The Sustainability of a Monument

Sustainability comes in many forms, a building might be so loved by a community that it is never demolished, or it may have net-zero carbon output, or perhaps the project enhances the natural environment…

When we begin to consider the sustainability of a ‘monument’ – that is to say, an object or building that has little use beyond its presence, we are met with some conflicts.

Monuments may be incredibly important for the unification or recognition of communities, they might be a cultural statement and in some cases, monuments can do an excellent job of ostracising the community.

An interesting recent example is Michael Heizer’s ‘City’, a monumental series of sculptures that have recently been unveiled in the previously inaccessible desert of Nevada. This project has been in the works for 50 years and involves large-scale pieces of land art (art using sand, rock etc.) and concrete.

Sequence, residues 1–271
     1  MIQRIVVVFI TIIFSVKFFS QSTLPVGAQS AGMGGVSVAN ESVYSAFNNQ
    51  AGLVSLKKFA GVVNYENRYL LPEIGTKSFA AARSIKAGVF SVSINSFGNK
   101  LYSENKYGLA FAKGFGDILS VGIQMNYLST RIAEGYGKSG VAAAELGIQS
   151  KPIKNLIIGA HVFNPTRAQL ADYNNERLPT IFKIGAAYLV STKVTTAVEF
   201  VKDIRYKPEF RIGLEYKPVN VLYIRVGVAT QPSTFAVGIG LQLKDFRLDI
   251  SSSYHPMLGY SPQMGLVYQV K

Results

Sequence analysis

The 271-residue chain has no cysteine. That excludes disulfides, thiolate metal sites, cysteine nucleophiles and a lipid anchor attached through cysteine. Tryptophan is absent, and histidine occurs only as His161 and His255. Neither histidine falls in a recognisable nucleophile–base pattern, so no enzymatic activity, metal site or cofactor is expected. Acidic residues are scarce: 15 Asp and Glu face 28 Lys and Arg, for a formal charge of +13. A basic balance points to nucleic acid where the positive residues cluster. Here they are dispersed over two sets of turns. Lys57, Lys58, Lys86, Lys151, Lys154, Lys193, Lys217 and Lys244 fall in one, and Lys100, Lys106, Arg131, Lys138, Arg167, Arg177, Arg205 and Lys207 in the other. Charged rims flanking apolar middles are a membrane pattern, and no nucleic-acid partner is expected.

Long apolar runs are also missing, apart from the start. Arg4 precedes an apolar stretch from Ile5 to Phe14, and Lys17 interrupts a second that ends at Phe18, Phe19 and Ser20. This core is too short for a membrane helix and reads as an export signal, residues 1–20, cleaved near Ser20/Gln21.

Heizer has created a revised desert landscape.

Over 50 years this project has dug up and reshaped, consumed energy and reinvented a large area of the significant Basin and Range National Monument to create this significant piece of art – but at what cost?

What is more important; a cultural beacon for this previously inaccessible place, or leaving the landscape to be in its natural state?

It begs the question, does the value of the project as a monument over time outweigh its sustainability impact?